The Hairy Ape

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For the 1944 film adaptation, see The Hairy Ape (film).

The Hairy Ape (1922) is an expressionist play by Eugene O'Neill about a brutish, unthinking laborer known as Yank as he searches for a sense of belonging in a world controlled by the rich. At first Yank feels secure as he stokes the engines of an oceanliner, and is highly confident in his physical power over the ship's engines.

However, when the weak but rich daughter of an industrialist in the steel business refers to him as a "filthy beast," Yank undergoes a crisis of identity. He leaves the ship and wanders into Manhattan, only to find he does not belong anywhere—neither with the socialites on Fifth Avenue, nor with the labor organizers on the waterfront.The hairy ape is effect of industrialization and technological progress.


The play is divided into 8 scenes. Scene 1 takes place in the fireman's forecastle of a cruise ship, where they sleep. Their racks resemble the bars of a cage. They are sailing from New York, where Yank and the other firemen are talking and singing drunkenly. Yank is shown to be a leader among them. Other featured characters are Long, a socialist, and Paddy, a particularly drunken Irishman.

Scene 2 takes place on the deck, where Mildred Douglas (the rich girl) and her aunt are talking. They are almost constantly arguing.

Scene 3 takes place in the stokehold. Yank and the other firemen take pride in their work. When Mildred comes to visit the stokehold, Mildred hears Yank cursing. When he turns around and she sees him, she is so shocked by him she calls Yank a filthy beast and faints.

Scene 4 also takes place on the ship. Yank is very depressed and the other men try to understand why.

In scene 5, Yank and Long go to 5th Avenue in New York. Yank argues with Long about how best to attack the upper class. Long leaves, fearing arrest, and Yank is arrested after attacking a Gentleman.

Scene 6 takes place at the prison at Blackwell’s Island. Yank tells the prisoners his story and one of the prisoners gives him an article about the Industrial Workers of the World. Yank tries to escape.

Scene 7 takes place at the IWW office that Yank goes to after his month in jail. They are happy to have him at first because there are not many ship firemen in the union – but he is thrown out after he says that he wants to blow up things, and they think he is a spy.

Scene 8 takes place at the zoo, when Yank is crushed after trying to talk to an ape and releasing it from its cage.


The Hairy Ape displays O'Neill's social concern for the oppressed industrial working class. Despite demonstrating in The Hairy Ape his clear belief that the capitalist system persecutes the working man, O'Neill is critical of a socialist movement that can't fulfill individual needs or solve unique problems.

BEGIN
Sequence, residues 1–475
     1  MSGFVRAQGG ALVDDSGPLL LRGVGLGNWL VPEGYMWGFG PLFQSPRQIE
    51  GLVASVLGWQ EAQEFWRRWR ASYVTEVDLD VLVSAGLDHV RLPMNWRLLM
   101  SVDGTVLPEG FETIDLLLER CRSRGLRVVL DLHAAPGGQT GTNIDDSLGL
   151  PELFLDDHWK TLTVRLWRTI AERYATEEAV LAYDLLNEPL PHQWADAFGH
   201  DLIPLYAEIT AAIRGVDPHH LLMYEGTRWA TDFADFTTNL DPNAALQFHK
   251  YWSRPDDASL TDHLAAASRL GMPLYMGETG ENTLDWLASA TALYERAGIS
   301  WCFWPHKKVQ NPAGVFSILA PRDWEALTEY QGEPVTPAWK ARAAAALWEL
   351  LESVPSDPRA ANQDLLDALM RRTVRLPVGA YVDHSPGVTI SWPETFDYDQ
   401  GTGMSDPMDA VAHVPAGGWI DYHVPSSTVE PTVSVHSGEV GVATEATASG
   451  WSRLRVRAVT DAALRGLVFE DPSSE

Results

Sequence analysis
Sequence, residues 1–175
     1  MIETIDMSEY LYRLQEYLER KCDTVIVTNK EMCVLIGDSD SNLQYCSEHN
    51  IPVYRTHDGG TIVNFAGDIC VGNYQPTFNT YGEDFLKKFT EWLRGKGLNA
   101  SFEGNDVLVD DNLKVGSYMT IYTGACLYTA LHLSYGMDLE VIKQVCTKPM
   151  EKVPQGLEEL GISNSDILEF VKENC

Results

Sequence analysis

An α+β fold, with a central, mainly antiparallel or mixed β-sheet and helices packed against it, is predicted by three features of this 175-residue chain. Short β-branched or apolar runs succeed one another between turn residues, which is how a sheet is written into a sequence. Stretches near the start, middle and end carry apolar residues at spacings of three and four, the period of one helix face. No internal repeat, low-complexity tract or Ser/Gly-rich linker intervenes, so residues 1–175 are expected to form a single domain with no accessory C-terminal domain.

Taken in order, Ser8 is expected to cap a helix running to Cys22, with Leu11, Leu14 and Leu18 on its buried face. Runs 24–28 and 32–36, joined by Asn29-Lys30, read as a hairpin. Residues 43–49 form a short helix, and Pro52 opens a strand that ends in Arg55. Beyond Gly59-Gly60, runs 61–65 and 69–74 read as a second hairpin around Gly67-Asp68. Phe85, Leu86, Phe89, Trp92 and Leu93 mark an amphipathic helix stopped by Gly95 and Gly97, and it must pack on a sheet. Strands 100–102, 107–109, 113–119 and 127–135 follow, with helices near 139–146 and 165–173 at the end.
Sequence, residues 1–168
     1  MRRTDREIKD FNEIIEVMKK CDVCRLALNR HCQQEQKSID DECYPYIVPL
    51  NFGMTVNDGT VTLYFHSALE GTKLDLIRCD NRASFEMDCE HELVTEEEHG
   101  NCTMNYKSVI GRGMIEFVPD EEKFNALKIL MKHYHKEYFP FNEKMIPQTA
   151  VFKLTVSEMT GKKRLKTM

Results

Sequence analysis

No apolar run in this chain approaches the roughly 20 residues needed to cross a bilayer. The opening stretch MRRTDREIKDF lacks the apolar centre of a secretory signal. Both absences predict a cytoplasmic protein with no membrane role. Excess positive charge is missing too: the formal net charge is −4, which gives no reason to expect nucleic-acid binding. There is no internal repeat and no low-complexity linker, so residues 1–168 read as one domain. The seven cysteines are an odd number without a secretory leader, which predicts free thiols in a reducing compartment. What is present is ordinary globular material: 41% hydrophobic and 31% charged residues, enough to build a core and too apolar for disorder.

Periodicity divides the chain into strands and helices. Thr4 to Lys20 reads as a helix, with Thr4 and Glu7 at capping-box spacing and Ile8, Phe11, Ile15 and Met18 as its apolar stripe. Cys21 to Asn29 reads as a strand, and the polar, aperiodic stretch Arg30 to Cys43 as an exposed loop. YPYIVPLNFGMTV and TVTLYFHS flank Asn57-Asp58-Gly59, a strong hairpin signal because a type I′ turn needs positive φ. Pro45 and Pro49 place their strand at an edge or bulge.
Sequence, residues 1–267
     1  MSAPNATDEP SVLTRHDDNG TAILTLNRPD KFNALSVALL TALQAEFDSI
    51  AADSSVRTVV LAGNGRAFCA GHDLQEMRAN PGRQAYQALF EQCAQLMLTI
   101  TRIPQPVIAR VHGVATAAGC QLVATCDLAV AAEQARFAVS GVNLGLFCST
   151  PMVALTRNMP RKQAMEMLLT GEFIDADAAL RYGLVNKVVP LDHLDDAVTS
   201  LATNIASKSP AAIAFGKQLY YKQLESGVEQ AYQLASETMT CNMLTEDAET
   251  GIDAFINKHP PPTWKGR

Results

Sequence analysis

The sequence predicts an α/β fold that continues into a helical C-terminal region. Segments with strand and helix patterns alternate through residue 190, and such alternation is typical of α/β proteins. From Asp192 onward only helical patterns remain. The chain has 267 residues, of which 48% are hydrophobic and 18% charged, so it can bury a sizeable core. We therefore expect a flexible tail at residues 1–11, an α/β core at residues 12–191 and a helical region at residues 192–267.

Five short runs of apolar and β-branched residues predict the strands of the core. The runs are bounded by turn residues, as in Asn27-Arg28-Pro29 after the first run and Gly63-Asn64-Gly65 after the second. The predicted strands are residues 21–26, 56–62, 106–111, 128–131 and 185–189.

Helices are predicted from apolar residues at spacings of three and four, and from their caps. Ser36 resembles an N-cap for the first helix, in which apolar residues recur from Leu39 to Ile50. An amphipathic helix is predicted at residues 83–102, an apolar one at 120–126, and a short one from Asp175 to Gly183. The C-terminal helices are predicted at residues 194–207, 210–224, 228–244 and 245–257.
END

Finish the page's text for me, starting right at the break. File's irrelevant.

The industrial environment is presented as toxic and dehumanizing; the world of the rich, superficial and dehumanized. Yank has also been interpreted as representative of the human condition, alienated from nature by his isolated consciousness, unable to find belonging in any social group or environment.

Production history[edit]

Promotional poster for 1944 film version of The Hairy Ape, starring William Bendix and Susan Hayward (1944)

The Hairy Ape was first produced by the Provincetown Players in 1922. The production, directed and designed by Robert Edmond Jones, was praised for its use of expressionistic set design and staging techniques, and was transferred to a theatre on Broadway. Actor Louis Wolheim became famous for his interpretation of Yank.

A 1930s London production featuring African American actor Paul Robeson playing the lead white role, was a critical success, despite having only five performances.[1]

A low-budget 1944 film version produced by Jules Levey, released by United Artists, starred William Bendix, Susan Hayward, Dorothy Comingore, and John Loder. According to a review in the New York Sun it had a "happy ending" and generally "made the story lighter and less loaded with social significance".[2]

Later notable productions include Peter Stein's 1987 revival, and a postmodern multimedia interpretation by the Wooster Group in 1996, with Willem Dafoe playing the protagonist.

In February 2004, The Hairy Ape received positive reviews at the San Pedro Playhouse, Cellar Theatre in San Antonio, Texas. Deborah Martin of the San Antonio Express News said of Brad Milne "His Yank is raw and hard to forget."

In fall 2006, The Hairy Ape was staged to positive reviews by the Irish Repertory Theatre in New York City. The Irish Voice declared, "O'Neill's spirit still resonates. [This] new production of The Hairy Ape reminds us why O'Neill is considered the first Irish-American playwright."

In February 2009, director Sean Graney of the Hypocrites Theatre Company staged a production of The Hairy Ape at the Goodman Theatre in Chicago.

On 6 December 2009 BBC Radio 3 broadcast a radio adaptation of The Hairy Ape directed by Toby Swift.[3]

The first major London revival for 25 years played from 16 May to 9 June 2012 at the Southwark Playhouse in London Bridge.[4]

In October 2012, Director Philip Boehm of Upstream Theater staged an acclaimed production of The Hairy Ape in St. Louis, Missouri.

It is staged in London's Old Vic in October and November 2015.


  1. ^ Duberman, Martin,Paul Robeson 1989.Othello 1930-1931pg148-149
  2. ^ "The Films of Susan". Archived from the original on December 3, 2008. 
  3. ^ "BBC – Drama on 3 – The Hairy Ape". 
  4. ^ "The Hairy Ape". [dead link]

External links[edit]